"I've never been comfortable with hardcore marketing," Kinghorn says. "A guy I know went out on his own as a consultant and every time he came in [to the IRS], you could see the whites of his eyes. I thought, 'God, I never want to be like him.' I don't think feds like marketing. When I was a fed, I listened to a lot of [vendors], but I didn't like it." But not everyone shies from sales. Wohleben, for one, revels in it. "Some people don't like to meet with industry, [but when I was in government] I thought it was very, very positive," he says. "Now, I call on customers; I love it. I knew I would. When you're in government, you've got to sell your ideas; this is no different."
Fortunately, marketing is more than just sales. Government-executives-turned-consultants spend much of their time building their firms' reputations in more subtle ways, such as writing, speaking and working with nonprofit associations. DeSeve calls this work "thought leadership." I'm trying to get the firm positioned in a particular quadrant of respectability," he says. Wohleben's approach is similar. "I am working with the Information Technology Association of America on a survey of federal CIOs. I speak at conferences, I'm in associations," he says. "I'm actively engaged in trying to position Grant Thornton in the marketplace."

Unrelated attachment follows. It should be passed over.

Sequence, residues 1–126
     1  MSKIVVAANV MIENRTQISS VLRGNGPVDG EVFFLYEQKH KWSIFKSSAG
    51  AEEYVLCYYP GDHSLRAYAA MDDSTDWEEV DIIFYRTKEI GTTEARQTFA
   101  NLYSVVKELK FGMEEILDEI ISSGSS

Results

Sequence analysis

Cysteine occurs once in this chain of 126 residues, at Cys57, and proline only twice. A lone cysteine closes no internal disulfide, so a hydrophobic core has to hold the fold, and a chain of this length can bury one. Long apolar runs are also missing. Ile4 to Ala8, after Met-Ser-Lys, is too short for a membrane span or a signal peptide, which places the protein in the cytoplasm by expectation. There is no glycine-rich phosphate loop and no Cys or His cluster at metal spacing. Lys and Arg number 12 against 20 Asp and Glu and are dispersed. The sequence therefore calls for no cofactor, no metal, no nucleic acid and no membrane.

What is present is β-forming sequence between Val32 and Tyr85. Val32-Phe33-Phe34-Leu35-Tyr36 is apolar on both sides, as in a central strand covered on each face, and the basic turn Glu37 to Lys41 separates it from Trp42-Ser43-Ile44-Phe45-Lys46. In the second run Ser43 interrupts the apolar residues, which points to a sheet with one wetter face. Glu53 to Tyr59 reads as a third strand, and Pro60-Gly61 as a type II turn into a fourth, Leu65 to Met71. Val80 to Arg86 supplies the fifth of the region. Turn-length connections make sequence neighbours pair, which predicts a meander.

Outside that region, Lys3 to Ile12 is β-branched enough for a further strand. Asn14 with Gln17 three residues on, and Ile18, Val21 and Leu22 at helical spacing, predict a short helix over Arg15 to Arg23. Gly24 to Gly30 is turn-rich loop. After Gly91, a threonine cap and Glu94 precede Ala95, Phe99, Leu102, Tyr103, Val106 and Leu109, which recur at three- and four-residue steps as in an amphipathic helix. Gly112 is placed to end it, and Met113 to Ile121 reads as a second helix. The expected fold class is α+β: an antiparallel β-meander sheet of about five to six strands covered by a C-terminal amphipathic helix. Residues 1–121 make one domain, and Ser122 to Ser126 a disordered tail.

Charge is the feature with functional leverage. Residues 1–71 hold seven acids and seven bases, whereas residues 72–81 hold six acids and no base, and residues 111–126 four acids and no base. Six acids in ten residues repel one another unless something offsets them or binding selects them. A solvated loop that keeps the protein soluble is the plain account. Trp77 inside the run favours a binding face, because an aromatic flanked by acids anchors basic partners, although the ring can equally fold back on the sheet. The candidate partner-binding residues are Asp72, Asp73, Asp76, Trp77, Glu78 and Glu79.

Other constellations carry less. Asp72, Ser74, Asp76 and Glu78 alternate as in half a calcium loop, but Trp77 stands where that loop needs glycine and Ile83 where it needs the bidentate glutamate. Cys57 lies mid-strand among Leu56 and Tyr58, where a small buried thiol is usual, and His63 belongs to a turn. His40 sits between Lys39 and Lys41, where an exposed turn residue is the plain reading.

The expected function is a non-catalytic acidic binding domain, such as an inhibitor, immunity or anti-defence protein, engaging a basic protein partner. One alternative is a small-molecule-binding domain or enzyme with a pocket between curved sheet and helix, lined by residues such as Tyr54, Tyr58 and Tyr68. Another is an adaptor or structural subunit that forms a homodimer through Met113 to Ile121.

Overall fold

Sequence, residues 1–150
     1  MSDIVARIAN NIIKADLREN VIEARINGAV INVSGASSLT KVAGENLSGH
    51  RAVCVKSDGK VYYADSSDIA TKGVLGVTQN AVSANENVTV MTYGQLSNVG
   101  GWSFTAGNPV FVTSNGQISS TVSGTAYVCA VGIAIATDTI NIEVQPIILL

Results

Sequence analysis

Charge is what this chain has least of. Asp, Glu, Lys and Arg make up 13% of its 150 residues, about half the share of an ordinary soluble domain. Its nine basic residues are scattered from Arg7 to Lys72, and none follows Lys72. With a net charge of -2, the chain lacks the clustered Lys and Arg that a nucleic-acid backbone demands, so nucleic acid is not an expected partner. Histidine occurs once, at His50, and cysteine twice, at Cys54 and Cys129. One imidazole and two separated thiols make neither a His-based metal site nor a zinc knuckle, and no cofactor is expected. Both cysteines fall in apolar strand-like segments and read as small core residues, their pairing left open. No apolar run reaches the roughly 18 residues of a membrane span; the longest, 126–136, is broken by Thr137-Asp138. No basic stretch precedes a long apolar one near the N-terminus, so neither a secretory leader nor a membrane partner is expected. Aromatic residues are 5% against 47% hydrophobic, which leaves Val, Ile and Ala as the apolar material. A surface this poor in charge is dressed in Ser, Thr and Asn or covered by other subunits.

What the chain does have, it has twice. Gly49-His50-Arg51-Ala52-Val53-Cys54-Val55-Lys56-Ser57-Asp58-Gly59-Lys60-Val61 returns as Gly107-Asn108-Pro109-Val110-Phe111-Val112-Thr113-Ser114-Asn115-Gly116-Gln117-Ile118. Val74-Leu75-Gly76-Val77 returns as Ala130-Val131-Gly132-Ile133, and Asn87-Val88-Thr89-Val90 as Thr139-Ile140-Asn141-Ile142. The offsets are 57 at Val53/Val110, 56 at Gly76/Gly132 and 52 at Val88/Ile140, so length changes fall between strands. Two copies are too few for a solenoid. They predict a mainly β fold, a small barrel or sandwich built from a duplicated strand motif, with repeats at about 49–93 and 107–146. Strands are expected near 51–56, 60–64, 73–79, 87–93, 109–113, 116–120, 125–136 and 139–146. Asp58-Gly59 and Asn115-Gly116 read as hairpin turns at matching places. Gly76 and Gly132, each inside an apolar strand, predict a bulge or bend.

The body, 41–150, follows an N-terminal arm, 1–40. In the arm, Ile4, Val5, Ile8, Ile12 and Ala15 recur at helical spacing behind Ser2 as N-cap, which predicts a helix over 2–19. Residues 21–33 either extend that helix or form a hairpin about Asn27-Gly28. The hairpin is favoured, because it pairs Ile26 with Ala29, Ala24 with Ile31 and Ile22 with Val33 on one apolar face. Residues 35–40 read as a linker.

Rolodex for Hire
A common rap on consulting firms is that they hire federal executives for their Rolodexes. There's an element of truth in that, but the firms and former feds acknowledge that the real attractions are executives' reputations and their wide-ranging experience. After all, their personal contacts have a relatively short life span. "They do have a period when they're absolutely wonderful at knowing everybody, but it only lasts for a little while," Littman says. DeSeve points out that for former political appointees, connections fade even faster.
"The entrée from being a political appointee lasts about 18 months. It has a half-life that gets shorter as an administration ends," he says.
Post-employment ethics rules also limit Rolodex power. For example, former federal officials are forever barred from representing anyone before an agency on any matter in which they were personally and substantially involved. For two years after leaving government, they are barred from representing anyone on matters that were under their official responsibility during the last year of their federal service. In addition, certain high-level officials are subject to a one-year cooling off period during which they can't represent anyone other than the government before their former agencies.
It's the less tangible knowledge of how to grease the wheels of government and avoid hidden trap doors that makes former federal executives worth the mid- to high-six figures to consulting firms. "It's not who you know, but where to go [that counts]," Burman says. "A lot of companies have no clue how to get the information they need and who is responsible. That level of savvy makes you attractive. You're not getting your client in trouble because you didn't know something."